Sunday, June 17, 2012

Metal: a Conundrum?



Heavy Metal Music Wallpaper 2

Metal: a Conundrum?

What is it about metal that creates so many die hard fans? Besides the rebellion factor of the music being so different from one's parent's music or the folk music of the 60's, for me it's all about the sound. For others it might be the look, and granted sexy long haired musicians are a sight to see, but the black leather and denim attire, the punkish styles, the anarchic bent, is a small part of what metal means to many. Documentaries, notably "A Headbanger's Journey" have done an excellent job of exploring the meaning of metal and its roots, so this is just a personal observation from a metal fan.

Metal is all about the guitar, in my mind, referring to the strings and amplified sound that at times can scream, cry like a baby, wah wah wah or whisper sweet nothings in one's ears. The slower heavy beat drags me in with an irresistible urge to nod the head in time to the rhythm.



I don't believe acoustic guitar can ever be metal, although metal guitarists do acoustic versions of their songs, I've never known a purely acoustic band considered metal, have you?

To be a drummer in a metal band seems like it would be a lowly position, it certainly isn't about you. The drums keep the beat, they are background sound to the metal focus. No one is there to see the drummer, right? However, there are famous metal drummers just like in any other genre, and as much argument over who is good versus bad.

Just when we think we know what metal is about, guitars & distortion, we are thrown a curveball in sub-genres like death metal which seems to be more about the growl than the guitar, or speed metal, whose pace is set by the racing double drumming.

In a rock band, or a blues band, it's about the band or the sound as a whole, with each instrument as necessary to the music as any other, and each member gets to shine. With some exceptions like Jimi Hendrix, all about that lead guitar, a forerunner of metal music, the transition from blues to rock to metal that slowly transpired to create the metal genres we now celebrate.

Many of the early metal bands, such as Black Sabbath and Iron Maiden, used theatricality to pose as evil death and devil worshippers that they now admit were false impressions used for their art, not a philosophy they actually believed or practiced. Yet their pose actually inspired other groups to focus on the practice of satanism and similar activities, notably the Finnish Black metal bands, for the most part metal has zero to do with the devil or any religion or lack of same.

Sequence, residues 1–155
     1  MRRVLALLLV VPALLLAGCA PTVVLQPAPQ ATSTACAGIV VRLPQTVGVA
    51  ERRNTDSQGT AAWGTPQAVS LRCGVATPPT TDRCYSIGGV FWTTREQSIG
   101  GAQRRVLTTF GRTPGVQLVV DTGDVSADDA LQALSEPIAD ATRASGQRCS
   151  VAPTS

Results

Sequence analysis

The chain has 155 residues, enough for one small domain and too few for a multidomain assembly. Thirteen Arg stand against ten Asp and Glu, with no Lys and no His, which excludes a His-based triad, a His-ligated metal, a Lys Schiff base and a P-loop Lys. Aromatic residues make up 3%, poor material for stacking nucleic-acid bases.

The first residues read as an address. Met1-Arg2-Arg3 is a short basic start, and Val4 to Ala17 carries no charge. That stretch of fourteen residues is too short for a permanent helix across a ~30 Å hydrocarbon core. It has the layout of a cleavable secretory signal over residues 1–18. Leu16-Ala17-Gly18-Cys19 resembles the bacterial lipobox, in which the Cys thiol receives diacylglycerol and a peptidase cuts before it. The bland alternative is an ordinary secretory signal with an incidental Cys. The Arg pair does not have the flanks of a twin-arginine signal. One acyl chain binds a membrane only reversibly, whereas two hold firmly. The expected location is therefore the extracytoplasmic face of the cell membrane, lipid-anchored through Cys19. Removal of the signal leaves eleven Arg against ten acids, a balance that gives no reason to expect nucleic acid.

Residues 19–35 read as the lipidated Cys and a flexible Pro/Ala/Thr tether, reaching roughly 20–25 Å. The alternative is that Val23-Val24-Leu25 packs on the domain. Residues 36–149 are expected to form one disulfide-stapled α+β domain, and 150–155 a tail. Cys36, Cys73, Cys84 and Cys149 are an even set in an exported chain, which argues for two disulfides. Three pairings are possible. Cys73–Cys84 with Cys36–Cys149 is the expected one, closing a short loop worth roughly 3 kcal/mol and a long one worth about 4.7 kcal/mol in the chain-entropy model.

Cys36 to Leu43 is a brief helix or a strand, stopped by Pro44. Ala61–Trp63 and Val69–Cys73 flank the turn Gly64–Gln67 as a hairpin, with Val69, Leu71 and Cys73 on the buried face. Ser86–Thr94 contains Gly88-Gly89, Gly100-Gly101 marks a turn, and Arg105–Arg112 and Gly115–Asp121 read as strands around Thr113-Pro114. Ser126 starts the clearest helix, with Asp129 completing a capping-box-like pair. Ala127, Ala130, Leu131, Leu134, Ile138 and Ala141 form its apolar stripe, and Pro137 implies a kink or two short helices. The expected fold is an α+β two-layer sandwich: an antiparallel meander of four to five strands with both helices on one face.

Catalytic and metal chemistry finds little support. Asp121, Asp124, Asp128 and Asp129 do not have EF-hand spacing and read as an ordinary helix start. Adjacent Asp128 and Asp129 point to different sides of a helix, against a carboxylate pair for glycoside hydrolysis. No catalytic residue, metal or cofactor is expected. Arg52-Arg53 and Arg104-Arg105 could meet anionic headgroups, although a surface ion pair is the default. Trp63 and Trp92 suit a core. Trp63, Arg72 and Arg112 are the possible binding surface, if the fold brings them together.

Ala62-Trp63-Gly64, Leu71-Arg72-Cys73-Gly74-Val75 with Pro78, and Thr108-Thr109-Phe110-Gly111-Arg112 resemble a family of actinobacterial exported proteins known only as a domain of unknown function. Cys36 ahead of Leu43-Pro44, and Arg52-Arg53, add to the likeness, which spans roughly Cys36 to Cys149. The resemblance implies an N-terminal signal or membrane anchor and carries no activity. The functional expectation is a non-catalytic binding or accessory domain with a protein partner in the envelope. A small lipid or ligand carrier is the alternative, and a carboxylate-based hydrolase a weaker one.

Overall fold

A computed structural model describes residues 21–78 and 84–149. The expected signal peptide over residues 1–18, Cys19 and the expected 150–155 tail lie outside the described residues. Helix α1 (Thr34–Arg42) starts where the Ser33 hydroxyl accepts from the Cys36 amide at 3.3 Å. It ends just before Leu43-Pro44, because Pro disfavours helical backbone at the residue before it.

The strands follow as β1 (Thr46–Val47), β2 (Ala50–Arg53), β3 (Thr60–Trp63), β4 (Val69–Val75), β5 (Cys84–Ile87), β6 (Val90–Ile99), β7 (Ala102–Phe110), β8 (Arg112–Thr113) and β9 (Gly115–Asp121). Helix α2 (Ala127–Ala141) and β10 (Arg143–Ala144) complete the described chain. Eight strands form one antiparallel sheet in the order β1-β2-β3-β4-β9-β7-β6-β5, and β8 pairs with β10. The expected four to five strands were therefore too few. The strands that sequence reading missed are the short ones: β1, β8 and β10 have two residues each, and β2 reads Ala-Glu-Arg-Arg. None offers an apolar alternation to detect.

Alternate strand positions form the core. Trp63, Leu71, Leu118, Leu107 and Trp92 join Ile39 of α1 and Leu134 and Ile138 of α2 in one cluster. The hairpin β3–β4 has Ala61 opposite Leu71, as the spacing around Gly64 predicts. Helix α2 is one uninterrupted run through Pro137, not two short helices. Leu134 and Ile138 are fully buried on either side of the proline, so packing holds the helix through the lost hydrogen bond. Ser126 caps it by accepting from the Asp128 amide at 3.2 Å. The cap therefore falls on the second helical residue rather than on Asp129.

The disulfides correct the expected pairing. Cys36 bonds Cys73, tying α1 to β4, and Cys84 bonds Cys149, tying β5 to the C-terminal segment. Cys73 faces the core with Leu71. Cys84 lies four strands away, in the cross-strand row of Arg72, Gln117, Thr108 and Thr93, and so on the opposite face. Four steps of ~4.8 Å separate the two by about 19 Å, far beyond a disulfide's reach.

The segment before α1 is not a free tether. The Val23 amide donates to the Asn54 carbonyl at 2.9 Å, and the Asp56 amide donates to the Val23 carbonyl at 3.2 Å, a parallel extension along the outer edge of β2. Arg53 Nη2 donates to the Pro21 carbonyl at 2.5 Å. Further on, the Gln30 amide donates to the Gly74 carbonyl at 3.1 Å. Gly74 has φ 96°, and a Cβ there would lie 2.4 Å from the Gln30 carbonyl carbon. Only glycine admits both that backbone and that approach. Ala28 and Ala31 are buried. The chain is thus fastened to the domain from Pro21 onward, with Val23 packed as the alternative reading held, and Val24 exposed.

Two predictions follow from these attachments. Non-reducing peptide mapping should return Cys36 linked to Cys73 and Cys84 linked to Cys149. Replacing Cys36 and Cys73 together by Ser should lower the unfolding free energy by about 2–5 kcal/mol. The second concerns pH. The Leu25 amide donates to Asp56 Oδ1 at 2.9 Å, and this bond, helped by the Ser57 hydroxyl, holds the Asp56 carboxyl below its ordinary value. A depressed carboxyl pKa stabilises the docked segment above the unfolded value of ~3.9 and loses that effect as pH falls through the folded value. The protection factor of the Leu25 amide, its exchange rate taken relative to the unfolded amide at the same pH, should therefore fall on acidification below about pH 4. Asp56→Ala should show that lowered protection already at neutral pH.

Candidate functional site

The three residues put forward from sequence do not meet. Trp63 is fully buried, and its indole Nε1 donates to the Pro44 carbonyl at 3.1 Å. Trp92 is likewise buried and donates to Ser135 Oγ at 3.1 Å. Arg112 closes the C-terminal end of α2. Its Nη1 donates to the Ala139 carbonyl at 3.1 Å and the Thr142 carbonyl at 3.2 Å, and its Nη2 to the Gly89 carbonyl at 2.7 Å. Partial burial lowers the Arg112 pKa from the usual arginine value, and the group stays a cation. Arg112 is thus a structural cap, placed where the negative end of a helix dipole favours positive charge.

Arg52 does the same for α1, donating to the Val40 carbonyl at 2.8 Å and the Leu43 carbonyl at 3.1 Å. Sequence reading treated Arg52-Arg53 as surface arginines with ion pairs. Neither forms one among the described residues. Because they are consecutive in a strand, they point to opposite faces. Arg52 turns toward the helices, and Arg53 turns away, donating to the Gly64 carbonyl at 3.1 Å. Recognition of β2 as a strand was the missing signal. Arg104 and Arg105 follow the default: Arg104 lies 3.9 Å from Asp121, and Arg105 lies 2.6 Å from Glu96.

For me, and most, metal is about the music, always has been and always will be. We are diehards, and we aren't going anywhere any time soon.



Metal Music Definition, From Wiki:
Heavy metal (often referred to simply as metal) is a genre of rock music[1] that developed in the late 1960s and early 1970s, largely in the Midlands of the United Kingdom and in the United States.[2] With roots in blues rock and psychedelic rock, the bands that created heavy metal developed a thick, massive sound, characterized by highly amplified distortion, extended guitar solos, emphatic beats, and overall loudness. Heavy metal lyrics and performance styles are generally associated with masculinity and machismo.[3]

The first heavy metal bands, such as Led Zeppelin, Black Sabbath, and Deep Purple, eventually attracted large audiences, though many were critically reviled (with the notable exception of Led Zeppelin), a status common throughout the history of the genre. In the mid-1970s Judas Priest helped spur the genre's evolution by discarding much of its blues influence;[4][5] Motörhead introduced a punk rock sensibility and an increasing emphasis on speed. Bands in the New Wave of British Heavy

Metal such as Iron Maiden followed in a similar vein. Before the end of the decade, heavy metal fans became known as "metalheads" or "headbangers".

In the 1980s, glam metal became a major commercial force with groups like Mötley Crüe and Poison. Underground scenes produced an array of more extreme, aggressive styles: thrash metal broke into the mainstream with bands such as Metallica, Megadeth, Slayer, and Anthrax, while other styles like death metal and black metal remain subcultural phenomena. Since the mid-1990s, popular styles such as nu metal, which often incorporates elements of grunge and hip hop; and metalcore, which blends extreme
metal with hardcore punk, have further expanded the definition of the genre.

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